A spokesperson for the publisher of Science, which is based in Washington, D.C., told NPR that their legal advisors are considering all possible scenarios and have made no decisions.
Science will have a representative at the Dutch government's meeting. And the U.S. government was invited to send observers. According to a spokesperson for the Department of Health and Human Services (HHS), four government officials are going: Nancy Cox, director of the influenza division at the Centers for Disease Control and Prevention, Jimmy Kolker, deputy director of the office of global affairs at HHS, Chris Park of the Department of State, and Larry Kerr of the Office of the Director of National Intelligence.
In his statement supporting full publication of both bird flu papers, NIH director Collins noted the Dutch government's review of the work and said: "We respect that process and value the dialogue we have with Dutch authorities toward our common goals of encouraging scientific inquiry, advancing global health, and protecting the safety and security of our populations and the wider global community."
Fouchier and his team do have other options if the Dutch government won't budge.
One possibility is that they could apply for an export control permit, but at the same time file a protest so that the case would end up in court and determine whether this would be needed in the future, according to Fouchier, who says the Dutch government has indicated that he should prepare to do that.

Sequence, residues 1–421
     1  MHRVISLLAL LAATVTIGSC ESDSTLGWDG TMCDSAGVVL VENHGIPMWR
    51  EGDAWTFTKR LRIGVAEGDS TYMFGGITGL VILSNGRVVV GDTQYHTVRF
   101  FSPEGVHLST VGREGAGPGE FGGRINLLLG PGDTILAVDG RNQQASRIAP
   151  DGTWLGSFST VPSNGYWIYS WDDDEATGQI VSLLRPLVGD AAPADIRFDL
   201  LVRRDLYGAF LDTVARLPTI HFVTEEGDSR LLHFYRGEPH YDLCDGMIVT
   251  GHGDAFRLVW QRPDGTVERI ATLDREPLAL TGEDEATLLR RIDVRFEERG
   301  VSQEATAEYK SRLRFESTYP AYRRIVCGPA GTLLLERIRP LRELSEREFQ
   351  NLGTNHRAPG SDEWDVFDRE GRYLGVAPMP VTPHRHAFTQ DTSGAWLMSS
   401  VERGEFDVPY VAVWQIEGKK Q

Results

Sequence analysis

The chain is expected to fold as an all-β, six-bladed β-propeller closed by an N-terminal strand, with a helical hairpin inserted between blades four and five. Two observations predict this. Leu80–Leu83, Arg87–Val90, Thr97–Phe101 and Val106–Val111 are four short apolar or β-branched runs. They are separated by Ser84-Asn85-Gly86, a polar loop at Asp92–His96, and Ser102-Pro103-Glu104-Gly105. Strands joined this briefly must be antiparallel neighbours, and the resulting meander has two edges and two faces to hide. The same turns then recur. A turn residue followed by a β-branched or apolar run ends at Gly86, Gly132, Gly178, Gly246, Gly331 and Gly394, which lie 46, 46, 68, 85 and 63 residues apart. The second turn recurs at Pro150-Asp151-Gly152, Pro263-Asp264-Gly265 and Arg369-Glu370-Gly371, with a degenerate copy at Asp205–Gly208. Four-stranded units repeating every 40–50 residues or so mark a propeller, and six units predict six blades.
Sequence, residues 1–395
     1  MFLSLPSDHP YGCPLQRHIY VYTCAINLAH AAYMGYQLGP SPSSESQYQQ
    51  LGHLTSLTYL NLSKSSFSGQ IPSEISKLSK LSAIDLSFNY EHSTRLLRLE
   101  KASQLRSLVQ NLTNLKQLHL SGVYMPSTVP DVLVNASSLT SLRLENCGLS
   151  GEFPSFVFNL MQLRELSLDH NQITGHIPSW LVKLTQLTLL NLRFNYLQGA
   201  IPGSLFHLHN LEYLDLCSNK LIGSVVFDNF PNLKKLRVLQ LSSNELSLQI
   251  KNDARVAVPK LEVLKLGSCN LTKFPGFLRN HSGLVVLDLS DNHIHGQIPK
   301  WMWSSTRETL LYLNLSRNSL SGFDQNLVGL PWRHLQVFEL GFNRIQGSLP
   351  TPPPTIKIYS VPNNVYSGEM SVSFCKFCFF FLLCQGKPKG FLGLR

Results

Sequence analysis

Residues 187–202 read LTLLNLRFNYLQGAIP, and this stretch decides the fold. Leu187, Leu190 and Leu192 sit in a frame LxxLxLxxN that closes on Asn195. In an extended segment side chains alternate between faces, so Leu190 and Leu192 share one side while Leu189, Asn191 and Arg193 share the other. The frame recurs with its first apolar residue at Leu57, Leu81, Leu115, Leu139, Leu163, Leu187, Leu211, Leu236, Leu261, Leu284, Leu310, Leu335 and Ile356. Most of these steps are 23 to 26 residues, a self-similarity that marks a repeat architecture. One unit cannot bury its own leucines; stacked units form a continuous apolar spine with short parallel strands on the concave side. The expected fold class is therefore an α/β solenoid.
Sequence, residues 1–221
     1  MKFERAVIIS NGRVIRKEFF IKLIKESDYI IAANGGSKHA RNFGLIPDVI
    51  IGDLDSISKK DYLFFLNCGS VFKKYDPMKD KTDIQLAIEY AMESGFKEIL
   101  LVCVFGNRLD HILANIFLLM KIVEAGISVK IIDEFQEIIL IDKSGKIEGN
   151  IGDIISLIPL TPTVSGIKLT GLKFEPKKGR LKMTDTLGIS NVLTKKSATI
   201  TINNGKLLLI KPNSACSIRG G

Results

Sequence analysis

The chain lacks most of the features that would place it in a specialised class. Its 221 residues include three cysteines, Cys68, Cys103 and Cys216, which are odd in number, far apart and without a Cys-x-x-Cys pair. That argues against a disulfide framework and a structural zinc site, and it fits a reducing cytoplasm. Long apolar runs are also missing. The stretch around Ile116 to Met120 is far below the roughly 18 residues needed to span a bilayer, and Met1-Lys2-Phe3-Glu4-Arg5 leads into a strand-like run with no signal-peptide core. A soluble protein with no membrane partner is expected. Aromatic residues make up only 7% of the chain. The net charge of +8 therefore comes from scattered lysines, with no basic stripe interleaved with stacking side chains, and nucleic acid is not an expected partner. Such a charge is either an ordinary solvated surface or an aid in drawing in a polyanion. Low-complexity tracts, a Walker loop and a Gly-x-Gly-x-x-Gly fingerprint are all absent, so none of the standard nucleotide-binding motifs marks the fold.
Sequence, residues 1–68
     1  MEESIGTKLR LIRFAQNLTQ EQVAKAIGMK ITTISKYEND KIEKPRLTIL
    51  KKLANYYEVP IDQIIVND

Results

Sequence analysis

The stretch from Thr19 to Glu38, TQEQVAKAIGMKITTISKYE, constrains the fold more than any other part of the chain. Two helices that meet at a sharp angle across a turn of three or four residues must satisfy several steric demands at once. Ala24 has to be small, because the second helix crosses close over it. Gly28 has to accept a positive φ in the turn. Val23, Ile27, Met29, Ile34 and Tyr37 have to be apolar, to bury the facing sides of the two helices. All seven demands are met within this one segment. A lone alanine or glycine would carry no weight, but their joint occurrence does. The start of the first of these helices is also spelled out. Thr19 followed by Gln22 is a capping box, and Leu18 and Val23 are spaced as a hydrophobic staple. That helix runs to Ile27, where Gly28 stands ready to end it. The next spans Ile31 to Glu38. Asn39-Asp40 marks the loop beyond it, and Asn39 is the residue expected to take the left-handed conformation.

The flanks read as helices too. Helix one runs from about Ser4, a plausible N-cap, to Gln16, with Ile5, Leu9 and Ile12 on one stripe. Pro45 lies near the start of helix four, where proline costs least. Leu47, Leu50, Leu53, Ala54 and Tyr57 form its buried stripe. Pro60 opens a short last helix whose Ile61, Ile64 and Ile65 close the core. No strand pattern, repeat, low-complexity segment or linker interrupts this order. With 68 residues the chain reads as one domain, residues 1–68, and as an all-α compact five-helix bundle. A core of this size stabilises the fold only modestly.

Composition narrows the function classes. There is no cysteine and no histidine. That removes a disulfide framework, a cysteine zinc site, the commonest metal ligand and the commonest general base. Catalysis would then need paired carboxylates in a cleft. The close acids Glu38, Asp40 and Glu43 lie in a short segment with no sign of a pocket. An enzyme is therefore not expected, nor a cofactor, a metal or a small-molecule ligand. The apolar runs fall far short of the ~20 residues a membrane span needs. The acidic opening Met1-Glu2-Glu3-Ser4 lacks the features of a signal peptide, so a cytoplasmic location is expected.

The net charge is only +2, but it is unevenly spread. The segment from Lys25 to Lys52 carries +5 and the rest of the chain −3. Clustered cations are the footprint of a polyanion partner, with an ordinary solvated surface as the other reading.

Another option is to bring the case to court to try to resolve matters before submitting his revised paper to the journal.
"That would mean that it will take another year before the paper gets published," Fouchier noted. He said the journal Nature would probably then go ahead and publish a manuscript describing the University of Wisconsin experiments rather than waiting to coordinate publication of the two papers together.
Fouchier points out that if the export control law truly applies to his work, "we can already be prosecuted."
After all, he spoke about his work at a conference in Malta last September, and submitted an earlier draft of his paper to Science in August, before the implications of the research started making headlines around the world and export controls were clamped down.
That means Science already has his data and could publish if they wanted to, wrote Fouchier, adding that "asking for an export permit to submit data that have already been submitted seems like a senseless enterprise to me."
Meanwhile, the U.S. Senate Committee on Homeland Security and Governmental Affairs is planning a hearing on April 26th that will look at biological security and the risk posed by legitimate biological research that could be misused.
Both bird flu studies, in Wisconsin and the Netherlands, received funding from the National Institutes of Health, raising concerns about how federally funded research proposals get reviewed. Last month, the government put a new policy in place to ensure that the risks of potentially worrisome research are assessed before studies go forward.
Copyright NPR. View this article on npr.org.